This conversation is one that has been highly anticipated and is something that must continue to be discussed across the board. Our panellists gave us a personal insight into how patriarchy negatively impacted their behaviour growing up, and how it influenced how they carried themselves on a daily basis.
The panel discussion was held at UAL’s Camberwell campus with panellists:
Caleb Femi– Poet, English teacher, filmmaker and is also the Young People’s Laureate for London. (@Caleb.Femi)
Ebun A. Sodipo– a London-based queer, non-binary artist. A recent graduate of Camberwell College of Arts, from BA Fine Art Sculpture. (@EPastry)
Sabah Choudrey– a queer Pakistani activist, writer, and speaker. (@Sabah.c)
“Who is your masculinity serving?”
Masculinity, as powerful as it may be when portrayed on television or in the media, can also be damaging to the point of destruction. This discussion explored exactly how pressurising it can be for people of colour to subscribe to these expectations, especially in a world where white cisheterosexuality is celebrated and often times people of colour find themselves passively absorbing these messages. Pressures include always having to appear composed even during moments of despair; being taught that vulnerability is a weakness and being told to “man up” when feelings of sadness appear.
Choudrey opened the discussion and made very sound points regarding his take on masculinity:
“My gender has never been separated from my race” He also added:
“As people of colour, we feel pressured to submit to what white people perceive gender and race to be”- a point which resonated well with many of the attendees. This pressure stems from western ideals which many people of colour have been bombarded with and conditioned to believe that and often feel alienated when they cannot live up to these standards.
Sodipo made it clear that when they think about gender they also think about race as the two experiences are concurrent.
Femi spoke about how grime music shaped his view of women and his view of how men were supposed to treat women. Grime also influenced his behaviour and mannerisms in order to be deemed a ‘real’ man.
“Some grime lyrics make you feel like you know everything about women. Which is counterproductive as women are very complex beings”.
Panellists were asked a series of thought-provoking questions and provided answers that made our understanding of their struggle a lot clearer.
Where do you think the construction of masculinity comes from?
“Colonisation. The western idea of masculinity was transported across the globe […] When we think about the construction of masculinity we need to understand it’s always through the white male lense”. – Ebun A. Sodipo
Where does the deconstruction of masculinity come from?
“A lot of trans people challenge that. They believe you can construct masculinity by adopting different pronouns and dressing differently”. – Sabah Choudrey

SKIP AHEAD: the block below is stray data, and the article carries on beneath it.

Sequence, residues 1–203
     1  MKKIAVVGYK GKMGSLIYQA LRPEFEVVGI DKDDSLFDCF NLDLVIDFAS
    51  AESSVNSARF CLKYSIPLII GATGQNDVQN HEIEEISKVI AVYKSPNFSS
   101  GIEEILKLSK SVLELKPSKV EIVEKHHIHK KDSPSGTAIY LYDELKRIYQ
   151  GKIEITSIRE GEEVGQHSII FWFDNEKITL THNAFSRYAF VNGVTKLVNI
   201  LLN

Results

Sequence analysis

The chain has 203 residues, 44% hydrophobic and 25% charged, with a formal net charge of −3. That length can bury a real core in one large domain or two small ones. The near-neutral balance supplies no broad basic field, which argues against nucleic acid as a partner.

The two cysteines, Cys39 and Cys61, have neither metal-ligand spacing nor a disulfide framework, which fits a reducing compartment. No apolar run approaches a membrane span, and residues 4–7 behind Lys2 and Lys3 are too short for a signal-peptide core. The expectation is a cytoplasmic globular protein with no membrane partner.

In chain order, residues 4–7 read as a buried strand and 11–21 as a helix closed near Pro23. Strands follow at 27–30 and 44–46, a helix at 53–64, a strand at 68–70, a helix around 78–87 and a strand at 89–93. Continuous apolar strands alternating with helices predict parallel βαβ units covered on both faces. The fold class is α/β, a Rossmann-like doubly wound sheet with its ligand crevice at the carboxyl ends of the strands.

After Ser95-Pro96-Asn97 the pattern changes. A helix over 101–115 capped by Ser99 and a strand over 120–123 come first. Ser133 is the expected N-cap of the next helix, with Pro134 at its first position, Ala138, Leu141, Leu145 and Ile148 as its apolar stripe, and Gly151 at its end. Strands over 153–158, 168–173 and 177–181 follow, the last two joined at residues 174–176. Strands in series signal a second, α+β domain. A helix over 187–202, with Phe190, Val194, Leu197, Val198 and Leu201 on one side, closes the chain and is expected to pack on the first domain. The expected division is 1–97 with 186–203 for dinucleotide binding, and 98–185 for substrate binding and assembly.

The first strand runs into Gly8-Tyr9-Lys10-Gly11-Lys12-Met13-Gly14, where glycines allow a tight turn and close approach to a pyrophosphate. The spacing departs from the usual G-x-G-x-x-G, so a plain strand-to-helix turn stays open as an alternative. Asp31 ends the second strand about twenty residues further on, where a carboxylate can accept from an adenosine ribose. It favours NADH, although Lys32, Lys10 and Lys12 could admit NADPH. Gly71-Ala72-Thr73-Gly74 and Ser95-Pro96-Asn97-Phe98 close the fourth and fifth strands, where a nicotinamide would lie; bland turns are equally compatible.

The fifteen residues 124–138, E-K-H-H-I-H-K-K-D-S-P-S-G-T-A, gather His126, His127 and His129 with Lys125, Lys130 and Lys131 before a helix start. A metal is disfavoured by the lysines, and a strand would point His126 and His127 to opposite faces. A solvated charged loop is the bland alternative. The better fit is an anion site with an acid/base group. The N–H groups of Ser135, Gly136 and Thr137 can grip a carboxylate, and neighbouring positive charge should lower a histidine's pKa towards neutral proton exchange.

“Deconstruction of masculinity is a threat to the patriarchal system, however, masculinity is constructed with a fear of losing that power as it is built on protecting white men” – Ebun A. Sodipo.
“The idea of masculinity was performed by my grandmother and sisters back in Nigeria. However, I really learned about being a man at church. The women and men were sat separately, we’d learn different stories and there were points where they would teach you how to be a man” – Caleb Femi
The following question was aimed more towards mental health and how masculinity can trigger mental health issues.
In reference to mental health, how is it affecting men?
“The fear of asking for help and speaking out is really strong. Many suffer in silence and don’t feel like it’s acceptable to reach out” – Sabah Choudrey
“I was sexually abused and told my parents to seek help for my trauma but my dad wanted me to deal with it on my own” – Ebun A. Sodipo
“Going through my first heartbreak was something I had to be silent about at 14 and even when friends pass away we would have to just get on with it. I also feel I have to put on this character to feel like I’m less of a target, which really affects how I feel about myself and it’s really exhausting”. – Caleb Femi
How did you think the creative education has targeted decoding masculinity? Should they start teaching this in education?
“I don’t think school systems are doing enough to challenge gender roles or identity. With regards to literature, the usual messages are perpetuated. There isn’t a wide enough breadth of different types of people. Sometimes there is an issue of sensationalism in art, for example, a man wearing a pink dress. What message are you sending? Are you only doing it because it’s cool?” – Caleb Femi
“There needs to be more feminine thinkers and speakers. There should also be more non-Cis male voices in literature too.” – Ebun A. Sodipo
“We need to teach children to be comfortable asking questions”- Sabah Choudery
Written by Phalinda-Tavia Wakadima (@PhalindaJaxn)